Brigham Young University Bans Beards, & 5 Other Bizarre Things Banned By Schools
Ladies (and gentlemen), if your ideal significant other sports a beard, then Brigham Young University is not the place to go to find a mate. Mormon institution BYU has a strict ban on facial hair, which is a bit ironic considering Brigham Young himself once maintained quite the beard, but I digress. The point at hand is that BYU's honor code, created in 1940, states that "men are expected to be clean-shaven," which makes beards absolutely unacceptable. But now, after seven decades of silence on the issue, BYU students are banning together to protest what they call an "outdated" rule.
On Friday night, a group of about 50 BYU students, or about 0.2 percent of the entire student populace, participated in a "Bike for Beards" protest. The students, some of whom neglected to shave in honor of the event, and others who decided to fasten paper or cardboard beards to their faces, rode bikes and unicycles, while others roller bladed around a statue of a (clean shaven) Brigham Young on BYU's campus. The group then revealed a petition that asks the university to reconsider its policy on beards.
Shane Pittson, a 23-year-old international relations major, told the Salt Lake Tribune, "I love BYU. I love being a student here. But the rule on beards, I find particularly outdated." While Pittson told the paper that he had considered organizing some sort of protest against the ban for years, he only recently decided to put action to his thoughts, creating a website and organizing the rally over the course of a few days.
During the protest, Pittson did not have a beard, as he told the Tribune, "I figured it would make more of an impact to say, `I respect the university and here I am abiding by the rules but asking for change.'" And the time for change may finally be due. Back in 1971, then-university President Dallin Oaks already anticipated potential pushback to the 30-year-old rule, and said that he would not be surprised if the rule eventually gave away, according to the Huffington Post. But Oaks defended the rule himself, saying that beards (as well as long hair for men) gave rise to a "slovenly appearance" and were linked to "protest, revolution and rebellion against authority. They are also symbols of hippie and drug culture."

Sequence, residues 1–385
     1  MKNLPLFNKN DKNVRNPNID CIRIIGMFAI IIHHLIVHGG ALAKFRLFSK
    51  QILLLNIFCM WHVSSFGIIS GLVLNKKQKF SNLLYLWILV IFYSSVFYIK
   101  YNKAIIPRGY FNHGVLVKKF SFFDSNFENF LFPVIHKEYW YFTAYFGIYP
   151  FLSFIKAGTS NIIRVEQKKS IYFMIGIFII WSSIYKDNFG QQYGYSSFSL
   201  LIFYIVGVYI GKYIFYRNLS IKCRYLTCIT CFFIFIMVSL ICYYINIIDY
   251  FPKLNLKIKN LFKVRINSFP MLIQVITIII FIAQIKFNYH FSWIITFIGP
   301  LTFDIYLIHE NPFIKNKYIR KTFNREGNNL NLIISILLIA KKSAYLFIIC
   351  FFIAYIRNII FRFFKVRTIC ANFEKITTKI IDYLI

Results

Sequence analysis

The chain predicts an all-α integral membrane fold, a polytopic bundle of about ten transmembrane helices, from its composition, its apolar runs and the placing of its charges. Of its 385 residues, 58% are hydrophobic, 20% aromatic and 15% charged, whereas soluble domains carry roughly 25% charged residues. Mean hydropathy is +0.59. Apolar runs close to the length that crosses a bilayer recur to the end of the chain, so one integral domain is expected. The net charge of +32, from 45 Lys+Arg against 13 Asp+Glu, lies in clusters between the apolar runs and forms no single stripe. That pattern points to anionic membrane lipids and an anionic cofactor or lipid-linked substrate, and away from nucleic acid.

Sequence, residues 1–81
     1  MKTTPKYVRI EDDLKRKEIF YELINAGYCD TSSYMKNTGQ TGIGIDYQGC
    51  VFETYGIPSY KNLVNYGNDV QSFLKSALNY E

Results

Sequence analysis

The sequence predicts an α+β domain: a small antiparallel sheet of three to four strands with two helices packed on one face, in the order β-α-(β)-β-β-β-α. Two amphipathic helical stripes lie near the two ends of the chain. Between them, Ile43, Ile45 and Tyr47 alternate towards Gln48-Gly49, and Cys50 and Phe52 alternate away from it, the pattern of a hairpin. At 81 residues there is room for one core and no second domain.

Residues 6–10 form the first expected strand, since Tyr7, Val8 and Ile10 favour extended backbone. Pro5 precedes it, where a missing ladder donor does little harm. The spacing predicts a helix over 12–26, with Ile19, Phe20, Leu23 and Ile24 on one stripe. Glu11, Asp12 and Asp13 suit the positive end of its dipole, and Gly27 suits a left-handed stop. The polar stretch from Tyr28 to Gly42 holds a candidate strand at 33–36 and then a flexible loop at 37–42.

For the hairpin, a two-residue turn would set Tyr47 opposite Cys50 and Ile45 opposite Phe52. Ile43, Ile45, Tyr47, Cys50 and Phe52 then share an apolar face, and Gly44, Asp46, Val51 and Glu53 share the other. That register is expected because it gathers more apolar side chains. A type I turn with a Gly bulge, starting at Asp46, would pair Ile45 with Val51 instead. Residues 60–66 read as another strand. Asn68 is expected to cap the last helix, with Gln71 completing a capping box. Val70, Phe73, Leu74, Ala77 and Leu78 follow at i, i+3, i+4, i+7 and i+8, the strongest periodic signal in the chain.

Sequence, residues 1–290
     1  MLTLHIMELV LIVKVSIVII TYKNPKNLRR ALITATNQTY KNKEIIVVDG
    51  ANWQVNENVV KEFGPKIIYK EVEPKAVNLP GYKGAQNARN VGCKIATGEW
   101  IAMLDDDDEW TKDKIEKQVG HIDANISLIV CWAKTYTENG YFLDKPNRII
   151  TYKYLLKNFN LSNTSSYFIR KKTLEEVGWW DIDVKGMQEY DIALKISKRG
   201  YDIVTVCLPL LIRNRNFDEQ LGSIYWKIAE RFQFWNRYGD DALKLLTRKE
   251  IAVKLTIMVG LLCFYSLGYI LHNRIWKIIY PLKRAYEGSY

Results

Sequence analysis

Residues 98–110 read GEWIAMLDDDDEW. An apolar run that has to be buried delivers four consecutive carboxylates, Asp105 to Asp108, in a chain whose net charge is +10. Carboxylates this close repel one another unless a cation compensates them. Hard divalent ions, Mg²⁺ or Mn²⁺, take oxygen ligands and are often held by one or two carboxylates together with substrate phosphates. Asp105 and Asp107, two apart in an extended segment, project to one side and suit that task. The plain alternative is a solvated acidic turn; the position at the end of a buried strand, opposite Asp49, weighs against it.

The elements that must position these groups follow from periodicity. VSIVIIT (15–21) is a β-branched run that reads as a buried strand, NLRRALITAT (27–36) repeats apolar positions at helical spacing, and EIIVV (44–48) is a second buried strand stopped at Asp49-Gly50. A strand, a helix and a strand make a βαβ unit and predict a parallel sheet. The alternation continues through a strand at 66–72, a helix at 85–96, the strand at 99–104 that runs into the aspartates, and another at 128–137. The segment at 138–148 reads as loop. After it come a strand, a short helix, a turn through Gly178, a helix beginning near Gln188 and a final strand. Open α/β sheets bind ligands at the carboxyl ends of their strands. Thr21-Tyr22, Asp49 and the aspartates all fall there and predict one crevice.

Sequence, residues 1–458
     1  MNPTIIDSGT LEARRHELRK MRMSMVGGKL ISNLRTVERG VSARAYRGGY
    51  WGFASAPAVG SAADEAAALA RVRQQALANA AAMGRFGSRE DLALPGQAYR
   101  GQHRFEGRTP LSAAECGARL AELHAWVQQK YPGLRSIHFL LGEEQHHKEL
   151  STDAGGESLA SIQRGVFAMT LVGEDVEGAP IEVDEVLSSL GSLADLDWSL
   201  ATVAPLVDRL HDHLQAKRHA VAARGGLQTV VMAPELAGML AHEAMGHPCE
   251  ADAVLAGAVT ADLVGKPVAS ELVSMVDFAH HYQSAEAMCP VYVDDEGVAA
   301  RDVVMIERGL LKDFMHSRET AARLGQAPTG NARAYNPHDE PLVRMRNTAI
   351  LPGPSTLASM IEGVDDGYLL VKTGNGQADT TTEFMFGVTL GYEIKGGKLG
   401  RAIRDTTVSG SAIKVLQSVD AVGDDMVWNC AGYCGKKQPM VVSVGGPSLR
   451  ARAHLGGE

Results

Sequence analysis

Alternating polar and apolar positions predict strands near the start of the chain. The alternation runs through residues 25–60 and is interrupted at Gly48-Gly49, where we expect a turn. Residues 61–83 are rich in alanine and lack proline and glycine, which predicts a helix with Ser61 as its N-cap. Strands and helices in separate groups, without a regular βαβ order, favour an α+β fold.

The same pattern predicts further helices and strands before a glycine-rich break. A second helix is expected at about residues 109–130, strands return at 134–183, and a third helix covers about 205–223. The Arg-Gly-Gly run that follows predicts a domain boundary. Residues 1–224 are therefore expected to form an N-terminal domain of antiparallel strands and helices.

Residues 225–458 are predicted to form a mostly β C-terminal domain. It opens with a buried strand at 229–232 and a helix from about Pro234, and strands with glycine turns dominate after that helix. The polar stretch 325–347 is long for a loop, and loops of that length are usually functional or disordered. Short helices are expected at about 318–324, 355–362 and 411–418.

As bizarre as the rule may be, BYU's beard ban isn't even the strangest ban a school has instated on its student populace. Here's a look at just a few more strange things that schools have banned, both in the US and abroad.
But what will they do during recess?! In 2013, the Eagle Tribune reported that the Wyndham School District in New Hampshire banned the dodgeball as well as other "human target" games in an effort to stop bullying. Surprisingly, this decision is one that is actually supported by the National Association for Sport and Physical Education, which has stated that it does not approve of dodgeball as an "appropriate" school activity. Talks about banning the sport have been in play since 2001, but the New Hampshire school district may have been the first to actually act upon these recommendations.
Back in 2012, state senators in the great state of Tennessee decided that hand-holding was a gateway drug to the worst drug of all: sex. As such, they banned students from holding hands in schools, made it part of the sex-ed curriculum, and worse yet, threatened to fire teachers for demonstrating the practice. So yes, if an adult teacher was caught holding hands with anyone, the schools would have grounds to send them packing.
Who says we're babying our kids too much these days? In Australia and the United Kingdom, schools have banned the use of red ink for grading papers because students find the color too "confrontational" and "threatening." Instead, teachers are to use "soothing shades like green, blue, pink and yellow or even in pencil." I actually had a teacher in Texas who abided by the same standard — she used purple, and by the end of the term, I hated purple as much as I hated red. Soon, we'll run out of colors.
Another gem from across the pond — last year, a few schools in Kingston, South West London, and Surrey decided to ban their students from having best friends, though how this rule was enforced is beyond me. British psychologist Gaynor Sbuttoni explained the practice to The Sun, saying,
They are doing it because they want to save the child the pain of splitting up from their best friend. But it is natural for some children to want a best friend. If they break up, they have to feel the pain because they're learning to deal with it.
Teachers also justified the rule by saying that particularly for young girls, a "triangle friendships" often left one girl out of a close duo, leaving her hurt and alone. The solution? Make everyone alone.
words in general
No seriously. Two years ago, the New York Post reported that the New York Department of Education banned the words "birthdays," "dinosaurs," "Halloween," and "dancing," in city-issued tests to do away with the "unpleasant emotions" some children might have in response to these words. The list of banned words is extensive, and includes "poverty," "divorce," "disease," "slavery," and "terrorism." What's next? "Fun?"
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